LEWISTON – Colorado state Sen. Steve Johnson took sharp aim at Maine’s Taxpayer Bill of Rights Wednesday night.

For 14 years, Colorado has suffered from the painful effects of that state’s version of the spending and taxation limits that are now proposed in Maine, Johnson said.

Speaking to a mostly receptive crowd sprinkled with state and municipal lawmakers gathered at Lewiston’s Colisee, Johnson described how TABOR had transformed Colorado, forcing massive reductions in state spending on higher education, health care and government services.

“I didn’t come here to tell you how to handle this decision in Maine,” said Johnson, a Republican and assistant minority leader in the state Senate. “Our state has lived through the pain and damage. I’ve seen what it does in my state. … This TABOR amendment fundamentally changed everything we do in Colorado.”

Colorado adopted TABOR as a constitutional amendment in 1992. Since then the state has been forced to make difficult cuts across to government programs.

Johnson cited a long list of numbers to make his point.

• After TABOR, average teacher salaries went from 35th in the country to 48th.

• State spending on the university system dropped 40 percent while the student population was growing by 20 percent and in another 10 years it would have been the only state to provide no state aid to higher education.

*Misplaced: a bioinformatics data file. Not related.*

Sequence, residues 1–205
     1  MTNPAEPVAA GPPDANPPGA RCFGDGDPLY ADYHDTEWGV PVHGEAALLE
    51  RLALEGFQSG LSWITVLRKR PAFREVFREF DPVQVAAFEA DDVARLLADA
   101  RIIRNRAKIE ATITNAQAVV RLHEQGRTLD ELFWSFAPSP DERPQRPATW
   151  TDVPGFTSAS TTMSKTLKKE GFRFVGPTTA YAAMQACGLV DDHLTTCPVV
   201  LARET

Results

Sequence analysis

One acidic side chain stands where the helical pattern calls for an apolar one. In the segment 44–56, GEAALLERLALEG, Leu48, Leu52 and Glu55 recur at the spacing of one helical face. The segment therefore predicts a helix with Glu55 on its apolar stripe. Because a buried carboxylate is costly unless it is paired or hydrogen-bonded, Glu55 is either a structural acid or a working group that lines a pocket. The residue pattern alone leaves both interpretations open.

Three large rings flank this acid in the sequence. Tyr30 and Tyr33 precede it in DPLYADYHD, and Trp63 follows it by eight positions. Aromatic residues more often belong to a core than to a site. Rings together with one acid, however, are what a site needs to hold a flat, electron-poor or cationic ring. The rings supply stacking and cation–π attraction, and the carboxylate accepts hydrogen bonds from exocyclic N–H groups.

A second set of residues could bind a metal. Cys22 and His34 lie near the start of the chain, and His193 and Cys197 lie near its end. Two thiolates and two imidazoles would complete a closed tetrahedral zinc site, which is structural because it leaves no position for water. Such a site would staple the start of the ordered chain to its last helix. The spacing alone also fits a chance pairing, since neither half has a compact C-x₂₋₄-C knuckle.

• After TABOR, Colorado dropped from 24th in the country to 50th for the number of children immunized and was forced to suspend its school immunization requirement one year because the state couldn’t pay for poor children to get their shots.

• Funding for meals for wheels was cut 30 percent.

• No general fund money was spent on transportation.

“These aren’t just statistics. They have human faces,” Johnson said. “Whey you cut these programs, it has an effect on people’s lives.”

In 2005, 52 percent of Colorado voters agreed to suspend TABOR’s spending limits for five years. Johnson sponsored the suspension in the state Senate.

“TABOR produced very serious damage to our state,” Johnson said. “When it produces this damage in your state, it will be harder to get out from under.”

TABOR would limit increases in state and local government spending to the rate of inflation plus population growth and require voter approval for any tax or fee increase. Increases beyond the limits would have to win support from two-thirds of the Legislature or governing body and then also be sent to voters for approval.

TABOR will appear on the ballot in November as Question 1.

The event was sponsored by the Maine Municipal Association, which opposes TABOR. In addition to Johnson’s comments, the MMA’s Geoff Herman described his group’s interpretation of the proposed change in the law, which he described as unreasonable, unconstitutional and inconsistent.

Mary Adams, the leading advocate for TABOR, dismissed Johnson’s doomsday talk and Herman’s critique.

“I don’t know why people are sitting around having these esoteric discussions about what might happen when the patient – which is the state of Maine – is dying,” Adams said Wednesday night when reached at home after the event.

“To say something is going to be cut or not cut is absurd,” Adams said. “These decisions are still going to be in the hands of legislators.”

Some cuts, she said, are necessary.

“If we don’t draw the line on spending, we’re going to further destroy the economy, we’re going to further burden the taxpayer that’s No. 1 in the nation” Adams said. “What are we going to do to the taxpayer? Swamp them further?”

“Colorado has a nice situation,” Adams said. “They have economic health out there and we don’t.”

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